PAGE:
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Please help me improve the sound of my room (1 Viewer)


Second Unit
Mar 20, 2002
My parents are going to redo the walls in their 13x20 family room and they asked me what they could do to ithe walls to mprove the sound quality of the room. Currently the room is horrible for good sound it has a tile floor, three of the walls are wood or maybe fake wood, it has a sliding glass door, glass tables, leather furniture, and a concrete fireplace so everything reflects sound and doesn't absorb much. Having discussed this problem with my dad on multiple occasions before what can we do to the new walls to fix it. We have made no decisions on what type of wall to put up but (I suggested sheet rock) what would be the best material to use that absorbs the most sound?

Daniel Smith

Wayne A. Pflughaupt

Senior HTF Member
Aug 5, 1999
Corpus Christi, TX
Real Name

When it comes to cutting down room reflections, the rule-of-thumb is pretty basic: Soft surfaces are good, hard surfaces are bad.

With the tile floor and sliding glass door, you can expect that changing the walls from wood to sheetrock will have marginal results at best.

The best thing your parents could do to improve acoustics would be to carpet the floor. If that’s not an option, then at least get a large area rug between the front speakers and the seating.

Heavy draperies on any windows will help. I doubt they want to go that route for the sliding door, but any kind of covering for it will be better than nothing at all, especially one with some kind of fabric.

As for the wall, I doubt they want to cover large areas of them with soft fabrics, but anything that interrupt the vast expanse of flat surface will help diffuse sound waves: book cases, lamps on tables, hanging pictures, etc.

Wayne A. Pflughaupt

Dave Milne

Supporting Actor
Jul 2, 2001
Maybe Ethan will chime in - he's much more of an acoustics expert than I. But here's my $0.02:

Yes it appears you have way too many reflective surfaces. You need a balance of reflection, absorption and diffusion. Start by adding some absorption: carpet or area rugs, hanging tapestries, heavy draperies, overstuffed furniture, throw pillows, etc. Even better yet, get some real acoustic treatment solutions for the walls like waffle foam or blade tiles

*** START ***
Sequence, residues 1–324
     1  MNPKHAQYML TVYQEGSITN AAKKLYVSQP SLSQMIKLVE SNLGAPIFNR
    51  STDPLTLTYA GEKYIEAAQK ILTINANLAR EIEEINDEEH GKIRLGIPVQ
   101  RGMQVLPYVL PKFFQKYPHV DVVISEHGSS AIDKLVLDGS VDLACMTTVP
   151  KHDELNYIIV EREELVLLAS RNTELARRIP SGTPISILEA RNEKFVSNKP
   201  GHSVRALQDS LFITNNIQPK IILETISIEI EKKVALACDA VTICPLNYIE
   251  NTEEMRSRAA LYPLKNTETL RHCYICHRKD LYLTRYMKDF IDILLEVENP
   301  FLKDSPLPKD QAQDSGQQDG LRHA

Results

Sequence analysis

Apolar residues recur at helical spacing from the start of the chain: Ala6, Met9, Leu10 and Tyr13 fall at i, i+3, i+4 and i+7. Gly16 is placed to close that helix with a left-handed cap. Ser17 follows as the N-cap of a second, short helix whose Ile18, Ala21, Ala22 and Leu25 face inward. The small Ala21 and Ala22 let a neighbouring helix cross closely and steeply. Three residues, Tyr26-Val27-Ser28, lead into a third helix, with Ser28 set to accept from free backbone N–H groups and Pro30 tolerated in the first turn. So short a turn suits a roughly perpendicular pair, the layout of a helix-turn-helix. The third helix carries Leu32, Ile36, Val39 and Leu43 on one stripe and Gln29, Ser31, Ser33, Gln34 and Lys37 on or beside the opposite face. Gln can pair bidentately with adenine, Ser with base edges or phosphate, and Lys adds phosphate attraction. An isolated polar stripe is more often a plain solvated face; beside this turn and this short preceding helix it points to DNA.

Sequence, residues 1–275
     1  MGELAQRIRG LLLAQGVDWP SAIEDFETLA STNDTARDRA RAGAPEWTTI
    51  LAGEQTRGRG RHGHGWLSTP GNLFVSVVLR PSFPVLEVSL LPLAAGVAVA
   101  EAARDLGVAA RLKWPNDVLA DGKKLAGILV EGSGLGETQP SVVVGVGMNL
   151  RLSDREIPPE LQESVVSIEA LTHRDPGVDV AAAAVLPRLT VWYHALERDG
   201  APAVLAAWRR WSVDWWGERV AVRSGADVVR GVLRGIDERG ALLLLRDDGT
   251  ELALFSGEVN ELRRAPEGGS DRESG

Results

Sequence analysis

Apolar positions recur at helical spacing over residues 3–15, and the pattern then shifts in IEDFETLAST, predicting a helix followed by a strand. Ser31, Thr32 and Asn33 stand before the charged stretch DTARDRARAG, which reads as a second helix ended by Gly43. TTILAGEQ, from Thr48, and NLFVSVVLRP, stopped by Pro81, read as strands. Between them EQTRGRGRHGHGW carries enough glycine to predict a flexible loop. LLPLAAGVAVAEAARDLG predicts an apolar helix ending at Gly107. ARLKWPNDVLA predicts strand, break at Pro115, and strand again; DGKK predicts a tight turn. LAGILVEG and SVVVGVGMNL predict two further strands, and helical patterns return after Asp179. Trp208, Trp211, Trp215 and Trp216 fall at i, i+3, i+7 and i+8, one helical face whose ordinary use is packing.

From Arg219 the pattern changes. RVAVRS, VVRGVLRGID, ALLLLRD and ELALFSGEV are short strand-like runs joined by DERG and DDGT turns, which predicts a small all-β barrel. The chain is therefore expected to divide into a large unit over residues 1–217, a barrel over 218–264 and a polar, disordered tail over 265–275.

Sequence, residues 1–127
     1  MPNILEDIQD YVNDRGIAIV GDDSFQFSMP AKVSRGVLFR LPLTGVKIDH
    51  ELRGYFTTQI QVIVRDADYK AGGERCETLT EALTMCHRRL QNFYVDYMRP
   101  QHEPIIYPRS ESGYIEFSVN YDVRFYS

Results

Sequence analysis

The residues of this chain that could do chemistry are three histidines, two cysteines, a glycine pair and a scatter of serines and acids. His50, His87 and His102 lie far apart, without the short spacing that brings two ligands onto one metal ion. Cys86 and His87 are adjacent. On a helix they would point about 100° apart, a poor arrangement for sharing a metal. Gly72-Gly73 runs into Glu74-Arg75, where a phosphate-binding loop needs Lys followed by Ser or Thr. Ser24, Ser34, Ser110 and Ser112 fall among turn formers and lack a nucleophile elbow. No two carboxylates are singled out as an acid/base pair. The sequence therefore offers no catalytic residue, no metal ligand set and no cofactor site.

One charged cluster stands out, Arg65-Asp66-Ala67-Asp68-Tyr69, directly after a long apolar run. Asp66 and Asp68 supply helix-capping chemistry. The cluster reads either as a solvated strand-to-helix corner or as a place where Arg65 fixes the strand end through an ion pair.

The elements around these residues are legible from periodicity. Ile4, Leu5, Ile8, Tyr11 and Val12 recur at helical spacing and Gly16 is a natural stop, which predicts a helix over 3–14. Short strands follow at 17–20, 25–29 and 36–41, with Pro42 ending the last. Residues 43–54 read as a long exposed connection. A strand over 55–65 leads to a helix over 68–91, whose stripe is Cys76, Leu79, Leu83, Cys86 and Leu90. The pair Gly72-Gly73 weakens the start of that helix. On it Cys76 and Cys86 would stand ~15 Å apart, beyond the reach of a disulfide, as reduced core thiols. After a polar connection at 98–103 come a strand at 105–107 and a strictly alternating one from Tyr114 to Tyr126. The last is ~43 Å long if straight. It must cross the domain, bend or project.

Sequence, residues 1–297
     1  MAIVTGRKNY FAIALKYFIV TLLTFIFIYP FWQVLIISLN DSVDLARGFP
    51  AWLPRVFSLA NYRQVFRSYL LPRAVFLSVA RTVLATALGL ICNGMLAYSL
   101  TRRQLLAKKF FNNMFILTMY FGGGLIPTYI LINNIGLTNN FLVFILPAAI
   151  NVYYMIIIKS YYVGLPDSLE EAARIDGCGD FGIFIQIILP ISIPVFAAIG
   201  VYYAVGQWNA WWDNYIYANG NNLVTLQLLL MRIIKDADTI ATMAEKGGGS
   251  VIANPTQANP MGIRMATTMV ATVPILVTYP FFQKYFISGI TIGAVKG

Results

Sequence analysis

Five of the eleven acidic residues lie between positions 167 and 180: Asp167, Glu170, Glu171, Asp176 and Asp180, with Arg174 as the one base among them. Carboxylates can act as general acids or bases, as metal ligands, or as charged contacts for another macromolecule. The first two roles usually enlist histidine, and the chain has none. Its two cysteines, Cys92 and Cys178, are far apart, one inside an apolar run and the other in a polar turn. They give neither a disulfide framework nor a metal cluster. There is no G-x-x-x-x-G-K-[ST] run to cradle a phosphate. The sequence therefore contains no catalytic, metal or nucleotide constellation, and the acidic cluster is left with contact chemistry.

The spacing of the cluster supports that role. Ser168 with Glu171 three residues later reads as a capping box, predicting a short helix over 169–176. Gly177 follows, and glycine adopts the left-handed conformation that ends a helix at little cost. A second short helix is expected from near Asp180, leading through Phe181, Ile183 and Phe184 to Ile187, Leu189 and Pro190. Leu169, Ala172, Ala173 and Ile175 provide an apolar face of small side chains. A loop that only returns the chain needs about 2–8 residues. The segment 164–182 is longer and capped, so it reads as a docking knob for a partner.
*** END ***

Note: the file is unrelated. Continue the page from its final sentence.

The above are from the Markertek catalog. The deeper the blades, the lower the frequency at which the tiles start to absorb. To get decent absorption down into the 500Hz range, you need 4" - 5" deep blades. But even the more aesthetically pleasing shallower blades will help significantly. Auralex also has a great selection of acoustic treatment materials.
Unfortunately, drywall is reflective to a large extent unless you engineer the wall to be a diaphragmatic bass absorber (not recommended). So don't expect any improvement by replacing wood paneling with drywall.

For diffusion, you need irregular or curved surfaces. This is a T'fusor from Auralex. A large bookcase with books at varying depths makes a nice diffusor.

I'd suggest you surf through the Auralex website and look at their "Acoustics 101" white paper. For a more in-depth read, get F. Alton Everest's "Handbook of Acoustics".

Dave Milne

Supporting Actor
Jul 2, 2001
Hah! Wayne beat me to it.

Great advice as usual Wayne. I should have emphasized that carpet or generous area rugs are a great "decorator-friendly" solution. I often get too caught up in the engineering side of things.

One other point: Many DIY-ers faced with this dilemma and a WAF (wife acceptance factor) have built cloth-covered absorber panels. These can be made to match the interior and furnishings. A search should bring up some previous threads on this in the DIY or interiors sections of this forum.


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